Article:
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Yeth John Kong loves to write poetry. But for this middle-aged, wheelchair-bound Tyngsboro man, typing even a few words or phrases on his computer keyboard is a slow, arduous process. Kong has cerebral palsy, a non-progressive brain disorder caused by damage to the cerebrum (and/or other parts of the brain) around the time of birth and is characterized by impaired muscle control, particularly in the arms and legs. There is no known cure for this condition.
Earlier this year, Victor Piper, then an undergraduate student at UMass Lowell’s Electrical Engineering Department, was at the Community Center for Life Links in Lowell when he was introduced to Kong. Piper was touring the center to find a class project for the department’s Assistive Technology Program, which encourages people with physical disabilities to contact the staff with requests for technological solutions to improve their daily lives. Kong told Piper he needed help to improve his speed in inputting text in his computer.
Piper sprang into action. He conducted a survey of commercial solutions already on the market, but found them unsuitable for Kong’s specific need. “Yeth needed a way to enter text more rapidly,” he says. “I decided to seek an approach that would combine hardware and software.”
After settling on a hardware design, Piper then searched the Internet for software ideas, focusing specifically on “predictive-text” technology. He contacted several companies to ask for their help in the project.
Zi Corp., a global provider of intelligent interface solutions based in Calgary, was the first to respond. Piper found its eZiText one-touch predictive-text software to be the most suitable for the project as it is compatible with interfaces with reduced keys, such as mobile phones, and the company agreed to license the product to him.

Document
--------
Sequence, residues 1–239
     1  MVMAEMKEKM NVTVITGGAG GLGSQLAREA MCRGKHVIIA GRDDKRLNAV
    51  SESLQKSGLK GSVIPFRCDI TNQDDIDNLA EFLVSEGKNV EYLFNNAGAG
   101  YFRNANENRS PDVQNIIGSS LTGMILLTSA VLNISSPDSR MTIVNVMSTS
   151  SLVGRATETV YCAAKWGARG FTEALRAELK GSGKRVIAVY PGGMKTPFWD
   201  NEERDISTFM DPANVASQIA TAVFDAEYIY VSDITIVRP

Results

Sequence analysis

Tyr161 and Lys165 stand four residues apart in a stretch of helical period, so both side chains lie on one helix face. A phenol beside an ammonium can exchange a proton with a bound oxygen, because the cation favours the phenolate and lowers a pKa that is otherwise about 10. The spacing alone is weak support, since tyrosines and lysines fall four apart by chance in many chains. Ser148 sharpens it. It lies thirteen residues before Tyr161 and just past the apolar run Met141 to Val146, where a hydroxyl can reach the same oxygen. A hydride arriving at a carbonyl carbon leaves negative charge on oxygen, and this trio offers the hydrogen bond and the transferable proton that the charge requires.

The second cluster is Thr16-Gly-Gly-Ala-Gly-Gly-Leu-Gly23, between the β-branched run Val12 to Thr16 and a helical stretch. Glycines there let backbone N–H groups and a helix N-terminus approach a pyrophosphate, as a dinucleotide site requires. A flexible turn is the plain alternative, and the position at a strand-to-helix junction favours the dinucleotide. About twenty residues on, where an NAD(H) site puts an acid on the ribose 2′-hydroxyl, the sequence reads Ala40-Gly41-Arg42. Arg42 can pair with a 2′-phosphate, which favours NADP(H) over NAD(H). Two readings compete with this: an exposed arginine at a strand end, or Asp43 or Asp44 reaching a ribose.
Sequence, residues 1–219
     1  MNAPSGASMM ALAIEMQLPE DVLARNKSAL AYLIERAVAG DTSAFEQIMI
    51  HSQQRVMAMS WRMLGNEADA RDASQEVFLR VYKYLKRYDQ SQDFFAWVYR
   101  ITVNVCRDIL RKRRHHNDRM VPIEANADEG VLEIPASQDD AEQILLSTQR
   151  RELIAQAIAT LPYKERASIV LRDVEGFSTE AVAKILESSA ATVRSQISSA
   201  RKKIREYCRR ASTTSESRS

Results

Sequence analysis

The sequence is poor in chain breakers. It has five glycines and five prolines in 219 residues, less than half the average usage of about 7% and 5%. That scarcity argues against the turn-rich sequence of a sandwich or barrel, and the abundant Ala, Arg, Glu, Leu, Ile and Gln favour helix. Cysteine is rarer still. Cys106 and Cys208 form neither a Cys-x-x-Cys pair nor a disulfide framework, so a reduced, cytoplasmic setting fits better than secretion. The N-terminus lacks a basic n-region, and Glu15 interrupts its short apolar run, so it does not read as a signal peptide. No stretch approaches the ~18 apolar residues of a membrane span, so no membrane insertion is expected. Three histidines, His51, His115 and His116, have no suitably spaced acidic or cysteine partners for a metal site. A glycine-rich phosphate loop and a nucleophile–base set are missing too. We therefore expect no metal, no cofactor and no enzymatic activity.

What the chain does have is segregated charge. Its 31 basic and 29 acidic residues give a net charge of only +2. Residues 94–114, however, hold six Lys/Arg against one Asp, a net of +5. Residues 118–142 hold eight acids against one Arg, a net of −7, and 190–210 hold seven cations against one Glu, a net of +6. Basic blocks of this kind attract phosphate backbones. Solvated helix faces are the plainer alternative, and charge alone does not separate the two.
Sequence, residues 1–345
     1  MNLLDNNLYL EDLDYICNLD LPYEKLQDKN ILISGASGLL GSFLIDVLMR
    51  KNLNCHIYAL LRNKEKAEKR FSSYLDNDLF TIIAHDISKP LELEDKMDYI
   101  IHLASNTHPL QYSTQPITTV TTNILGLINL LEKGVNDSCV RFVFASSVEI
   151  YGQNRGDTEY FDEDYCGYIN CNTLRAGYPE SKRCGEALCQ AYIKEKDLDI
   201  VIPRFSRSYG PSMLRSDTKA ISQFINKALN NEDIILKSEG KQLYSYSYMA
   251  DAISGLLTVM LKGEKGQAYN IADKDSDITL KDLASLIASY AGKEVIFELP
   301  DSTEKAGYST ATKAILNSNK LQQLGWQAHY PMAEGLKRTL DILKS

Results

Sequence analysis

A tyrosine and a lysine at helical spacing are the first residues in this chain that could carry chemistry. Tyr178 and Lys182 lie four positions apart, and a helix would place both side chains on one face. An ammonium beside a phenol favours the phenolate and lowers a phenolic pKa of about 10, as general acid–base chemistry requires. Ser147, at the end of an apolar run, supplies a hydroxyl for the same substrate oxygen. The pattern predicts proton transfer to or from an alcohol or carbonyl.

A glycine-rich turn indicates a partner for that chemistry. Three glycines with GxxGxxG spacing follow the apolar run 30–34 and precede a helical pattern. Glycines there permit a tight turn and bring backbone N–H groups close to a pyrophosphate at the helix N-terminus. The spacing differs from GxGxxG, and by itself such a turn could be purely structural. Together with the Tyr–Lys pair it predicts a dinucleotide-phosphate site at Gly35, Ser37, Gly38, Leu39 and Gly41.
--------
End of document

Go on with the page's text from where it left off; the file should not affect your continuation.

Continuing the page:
“Every step of the way, I was impressed with the Zi Corporation team,” he says. “They were instrumental in the success of Yeth’s project.”
Following a semester of development and trials, Piper came up with TapMe, a specially designed, touch-screen-style keyboard that features fewer, larger keys (without omitting any characters or symbols) and eZiText-enabled driver software. “With this device, Yeth will be able to generate words with fewer keystrokes,” says Piper, who now works at Raytheon.
The entire project had cost him less than $100. “Half of that was to replace a controller board that I fried by miswiring the power input terminals,” he says. “The University bought the original unit.”
Last summer Piper delivered the finished product to Kong, who was thrilled. “Yeth is a man of few words,” he says, “but the happiness on his face speaks volumes.”
He adds: “The Assistive Technology Program at UMass Lowell is extremely valuable to both the students and the community. It’s great to know that I’ve made a difference in Yeth’s life with this device. I really enjoyed working on this project.”